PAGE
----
In addition to the actual data we need to supply the dimensions for each axis in dim# datasets within the same group. These contain the values along this axis for each element in that direction. The datasets are created in the EMD file in the same way we created the datacube. The first dimension in this example is filled with integers indicating the nth pixel in the x direction. Attributes are used to indicate the label for this axis (name) and the units used for the values. See also the recommendation for consistent unit description in the specifications. To save data as strings using the HDF5 library, the
np.string_() method is used to parse the string to fixed-width byte strings.
dim2 = grp_dst.create_dataset('dim2', (512,1), dtype='int') dim2[:,0] = np.array(range(512)) dim2.attrs['name'] = np.string_('y') dim2.attrs['units'] = np.string_('[px]') dim3 = grp_dst.create_dataset('dim3', (100,1), dtype='float') dim3[:,0] = np.linspace(0.0, 3.14, num=100) dim3.attrs['name'] = np.string_('angle') dim3.attrs['units'] = np.string_('[rad]')
Dimension vectors have to be provided for each dimension of the original dataset. The above code creates the dim2 and dim3 datasets analogously to the dim1 dataset. The dim2 datasets contains integers indicating the nth pixel in y direction similar to dim1. dim3 contains float values describing a fictional angular dimension running from 0 to pi.
The following groups and attributes are not necessary to create a valid EMD file. However it is good practice to use them to supply metadata in a standardized way, facilitating the exchange of scientific datasets. After all, this is what the EMD file format is all about.
# create microscope group for metadata grp_mic = f.create_group('microscope') grp_mic.attrs['magnification'] = 10
The microscope subgroup is recommended to store the experimental settings of the microscope which have led to the acquisition of the saved dataset. The metadata is stored in single attributes to this group, exemplarily shown here for a fictional magnification of 10x.
# create user group for user info grp_usr = f.create_group('user') grp_usr.attrs['operator'] = np.string_('me') grp_usr.attrs['email'] = np.string_('me@mine')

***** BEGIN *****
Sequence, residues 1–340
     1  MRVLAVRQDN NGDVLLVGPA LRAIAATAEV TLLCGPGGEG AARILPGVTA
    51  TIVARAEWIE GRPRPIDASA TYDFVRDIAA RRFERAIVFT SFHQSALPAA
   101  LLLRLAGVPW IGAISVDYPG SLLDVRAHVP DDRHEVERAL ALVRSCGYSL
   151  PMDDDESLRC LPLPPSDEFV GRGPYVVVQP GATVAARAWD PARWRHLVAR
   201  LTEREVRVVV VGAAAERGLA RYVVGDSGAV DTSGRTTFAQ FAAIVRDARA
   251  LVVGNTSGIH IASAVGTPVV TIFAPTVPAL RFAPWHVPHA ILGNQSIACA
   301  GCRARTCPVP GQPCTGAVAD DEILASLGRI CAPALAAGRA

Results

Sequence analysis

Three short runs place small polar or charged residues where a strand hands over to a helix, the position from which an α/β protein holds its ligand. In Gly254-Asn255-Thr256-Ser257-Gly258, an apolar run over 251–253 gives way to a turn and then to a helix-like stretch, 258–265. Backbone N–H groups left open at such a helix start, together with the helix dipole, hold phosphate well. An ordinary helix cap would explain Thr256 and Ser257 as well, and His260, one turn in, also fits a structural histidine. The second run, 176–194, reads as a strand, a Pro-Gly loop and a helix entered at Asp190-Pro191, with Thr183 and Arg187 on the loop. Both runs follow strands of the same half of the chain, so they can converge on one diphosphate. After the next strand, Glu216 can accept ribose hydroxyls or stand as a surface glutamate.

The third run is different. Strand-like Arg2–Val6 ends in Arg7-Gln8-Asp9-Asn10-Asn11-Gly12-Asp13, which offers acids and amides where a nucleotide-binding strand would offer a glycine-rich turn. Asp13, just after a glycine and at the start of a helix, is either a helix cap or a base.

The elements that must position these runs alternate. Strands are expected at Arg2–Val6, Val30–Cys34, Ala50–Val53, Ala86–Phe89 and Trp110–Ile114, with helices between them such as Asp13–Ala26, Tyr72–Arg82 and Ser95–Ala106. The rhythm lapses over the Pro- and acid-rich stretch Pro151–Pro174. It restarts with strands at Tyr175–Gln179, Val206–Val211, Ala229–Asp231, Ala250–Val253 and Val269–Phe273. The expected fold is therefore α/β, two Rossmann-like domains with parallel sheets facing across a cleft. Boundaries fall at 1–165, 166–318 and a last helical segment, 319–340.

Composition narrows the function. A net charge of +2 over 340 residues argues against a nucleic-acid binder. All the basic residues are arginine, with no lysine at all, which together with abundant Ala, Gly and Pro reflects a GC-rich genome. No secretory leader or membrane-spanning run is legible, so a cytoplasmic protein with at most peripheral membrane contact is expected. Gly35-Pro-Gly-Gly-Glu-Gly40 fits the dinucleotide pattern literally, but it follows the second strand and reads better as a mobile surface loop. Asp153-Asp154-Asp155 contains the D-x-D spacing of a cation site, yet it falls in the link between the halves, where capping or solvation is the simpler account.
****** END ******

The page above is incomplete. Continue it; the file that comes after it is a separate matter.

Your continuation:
The user subgroup is supposed to contain information about the operator of the microscope. It should contain contact information of whom to ask about the experiment or simulation whose results are provided in the EMD file.
# create sample group for information on sample grp_spl = f.create_group('sample') grp_spl.attrs['material'] = np.string_('random')
The sample group should contain information about the sample, e.g. a unique identifier and information of the material and preparation method.
# create comments group for log grp_com = f.create_group('comments') # add a comment on file creation with the current timestamp timestamp = datetime.datetime.utcnow().strftime('%Y-%m-%d %H:%M:%S (UTC)') grp_com.attrs[timestamp] = np.string_('file created, filled with random numbers')
The comments group is recommended to hold timestamped information on the history of the EMD file. An attribute should be added on every change made to the file. Here we retrieve the current timestamp using the
datetime package and use it to add a comment on the creation of this file.
# close the file f.close()
Finally we close the EMD file. Congratulations, you have written your first EMD file using python!
Make sure to play around with this file using the EMD Viewer, or try to read it using this post. A number of common pitfalls witnessed when working with EMD files using the h5py package in python has been compiled here.